We had a category E2 cabin with verandah, booked through Online Vacations with American Express. We had paid for an E3 cabin, and were upgraded free to an E2 (just a higher floor, it seemed). The MI was surprised by the small size of the cabin, but I was prepared, having had a similar cabin on the Millennium. He had doubted the need for the verandah, but was a convert in about 2 minutes. I was delighted at all the storage, the large closet split down the middle with deep shelves was plenty large enough for all my evening dresses, shoes and other essentials (not an easy task). There were also plenty of drawers in the desk on both sides for socks, underwear and bathing suits, and 2 small drawers in the nightstands for anything else. All suitcases fit easily under the bed; and the bed’s rounded corners made it easy to get around when heading out for the verandah. The bathroom was small, but again had fabulous storage, a long shelf under the sink, a nice sized counter, and a huge cabinet behind the left side mirror. Another plus was that the arrangement of the mirrors in the bathroom and in the main room allowed you to see the back of your hair and dress with no problems! This wasn’t much of a plus to the MI, but I loved it.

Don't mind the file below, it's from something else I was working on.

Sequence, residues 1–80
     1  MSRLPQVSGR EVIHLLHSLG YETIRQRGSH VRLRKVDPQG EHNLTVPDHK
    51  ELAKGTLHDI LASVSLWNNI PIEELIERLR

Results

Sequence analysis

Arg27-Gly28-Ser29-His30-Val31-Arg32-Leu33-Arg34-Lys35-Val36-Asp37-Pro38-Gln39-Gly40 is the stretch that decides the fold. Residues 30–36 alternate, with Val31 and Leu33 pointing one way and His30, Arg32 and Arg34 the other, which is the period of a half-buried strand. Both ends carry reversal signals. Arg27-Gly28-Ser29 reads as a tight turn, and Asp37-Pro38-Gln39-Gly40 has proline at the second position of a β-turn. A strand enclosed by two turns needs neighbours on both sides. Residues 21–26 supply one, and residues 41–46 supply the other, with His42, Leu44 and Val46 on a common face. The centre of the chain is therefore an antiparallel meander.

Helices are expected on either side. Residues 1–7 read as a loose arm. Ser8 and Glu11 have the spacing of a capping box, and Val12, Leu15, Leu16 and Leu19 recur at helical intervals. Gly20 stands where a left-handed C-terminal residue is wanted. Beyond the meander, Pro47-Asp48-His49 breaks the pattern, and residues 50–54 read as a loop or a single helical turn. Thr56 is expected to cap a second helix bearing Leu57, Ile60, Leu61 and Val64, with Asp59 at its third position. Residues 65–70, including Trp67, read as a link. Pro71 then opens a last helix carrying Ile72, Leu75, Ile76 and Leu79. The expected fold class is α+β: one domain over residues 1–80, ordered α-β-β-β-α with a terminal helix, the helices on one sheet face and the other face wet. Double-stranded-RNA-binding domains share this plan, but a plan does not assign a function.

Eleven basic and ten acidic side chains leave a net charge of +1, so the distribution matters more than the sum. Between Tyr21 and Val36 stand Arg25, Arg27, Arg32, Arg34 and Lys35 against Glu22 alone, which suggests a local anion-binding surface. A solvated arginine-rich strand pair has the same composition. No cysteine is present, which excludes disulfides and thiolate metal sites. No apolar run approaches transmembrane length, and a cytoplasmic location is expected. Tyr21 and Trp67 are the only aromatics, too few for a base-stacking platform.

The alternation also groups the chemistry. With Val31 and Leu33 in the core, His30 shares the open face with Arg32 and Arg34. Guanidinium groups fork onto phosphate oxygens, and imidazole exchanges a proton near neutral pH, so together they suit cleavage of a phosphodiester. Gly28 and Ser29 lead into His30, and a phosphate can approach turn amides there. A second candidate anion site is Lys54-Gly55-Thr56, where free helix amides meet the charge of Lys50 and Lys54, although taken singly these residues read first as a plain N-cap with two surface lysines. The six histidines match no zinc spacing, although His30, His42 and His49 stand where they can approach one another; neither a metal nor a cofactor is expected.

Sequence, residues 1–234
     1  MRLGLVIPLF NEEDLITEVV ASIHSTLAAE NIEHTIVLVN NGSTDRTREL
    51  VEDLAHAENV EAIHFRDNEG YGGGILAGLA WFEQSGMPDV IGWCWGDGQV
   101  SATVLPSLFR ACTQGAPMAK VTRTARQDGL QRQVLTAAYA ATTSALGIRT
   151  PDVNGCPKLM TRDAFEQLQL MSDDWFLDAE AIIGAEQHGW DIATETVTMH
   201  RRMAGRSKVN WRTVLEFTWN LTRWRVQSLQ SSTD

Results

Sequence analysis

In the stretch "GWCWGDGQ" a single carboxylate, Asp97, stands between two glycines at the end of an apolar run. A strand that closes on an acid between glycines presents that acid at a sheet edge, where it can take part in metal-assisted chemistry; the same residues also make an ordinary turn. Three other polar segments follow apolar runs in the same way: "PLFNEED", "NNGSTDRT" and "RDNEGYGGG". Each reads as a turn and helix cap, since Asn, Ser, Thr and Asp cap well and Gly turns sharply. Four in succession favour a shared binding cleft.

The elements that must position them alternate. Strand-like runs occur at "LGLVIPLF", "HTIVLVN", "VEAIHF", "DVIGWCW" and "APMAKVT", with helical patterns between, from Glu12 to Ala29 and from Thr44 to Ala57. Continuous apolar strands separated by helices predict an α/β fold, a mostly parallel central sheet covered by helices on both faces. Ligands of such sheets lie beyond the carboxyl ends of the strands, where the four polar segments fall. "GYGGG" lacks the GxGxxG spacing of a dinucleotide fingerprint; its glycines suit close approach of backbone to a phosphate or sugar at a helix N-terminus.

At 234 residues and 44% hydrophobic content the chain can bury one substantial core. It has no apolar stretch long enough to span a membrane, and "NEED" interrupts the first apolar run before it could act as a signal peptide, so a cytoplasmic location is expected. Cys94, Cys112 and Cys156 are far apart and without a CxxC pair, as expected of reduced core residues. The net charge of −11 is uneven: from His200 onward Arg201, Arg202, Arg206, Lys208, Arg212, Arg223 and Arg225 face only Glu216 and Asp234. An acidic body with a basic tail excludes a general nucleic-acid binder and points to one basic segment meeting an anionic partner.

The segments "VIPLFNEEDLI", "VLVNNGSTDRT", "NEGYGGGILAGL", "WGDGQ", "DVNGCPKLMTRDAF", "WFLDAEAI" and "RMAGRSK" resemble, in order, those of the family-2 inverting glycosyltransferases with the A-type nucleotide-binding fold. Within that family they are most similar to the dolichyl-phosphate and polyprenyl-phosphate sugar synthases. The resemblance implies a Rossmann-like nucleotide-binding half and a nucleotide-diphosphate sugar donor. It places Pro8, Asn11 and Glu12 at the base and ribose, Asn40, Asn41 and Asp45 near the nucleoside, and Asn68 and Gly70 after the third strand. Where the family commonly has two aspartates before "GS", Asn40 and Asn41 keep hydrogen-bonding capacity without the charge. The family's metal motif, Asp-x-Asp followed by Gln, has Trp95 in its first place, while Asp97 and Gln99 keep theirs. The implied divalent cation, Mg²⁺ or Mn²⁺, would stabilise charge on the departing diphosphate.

The shower, however, was very small, and the fabric curtain did a poor job of keeping the water in the shower stall. I flooded the bathroom every time I showered. I’m small (5’4”) and I felt very cramped in the shower; I can’t imagine how anyone 6’ or taller would manage. I couldn’t even bend over to shave my legs, there literally wasn’t room.
Other than those couple of minor complaints, the room was lovely and very well designed. Our room steward kept it immaculate, and we hardly ever saw him.
Ports of Call
We stopped the first day in Nassau, Bahamas. The weather was sunny and cool (60’s) so we took a cab ($8 for 2 people) to Atlantis to see the sights. The driver was very entertaining and articulate with his block by block description of down town Nassau. He made it seem like a guided tour. We didn’t pay the $25 charge to get full access to Atlantis, since it was too cool to use the beach. The free aquarium was amazing, and so large I can’t even imagine how much bigger the other one was. The hotel was beautiful, and we enjoyed walking around. We had no problem finding cabs either on the way there or on the way back, so it made a pleasant way to spend the morning, and since we were only in port from 7:00 am to 2:00 pm, there really wasn’t time to do much more.
2nd day was a sea day, which we enjoyed. I spent a lot of time on this trip in the beautiful Solarium, both for its peaceful atmosphere and its childfree environment! There were two “family” times a day in the Solarium but otherwise it was off limits to children under 16. It’s a beautiful space, covered so it was always warm, with a wonderful waterfall that made a very soothing and restful noise. There is a salt-water pool and a Jacuzzi, and plenty of chairs, both facing the pool and facing outward towards the sea. There is also a little café and a bar, so you pretty much have everything you need. And, at regular intervals, a wonderfully scented cooling mist rolls out of the waterfall and over all the loungers relaxing poolside! It was my favorite place on the ship.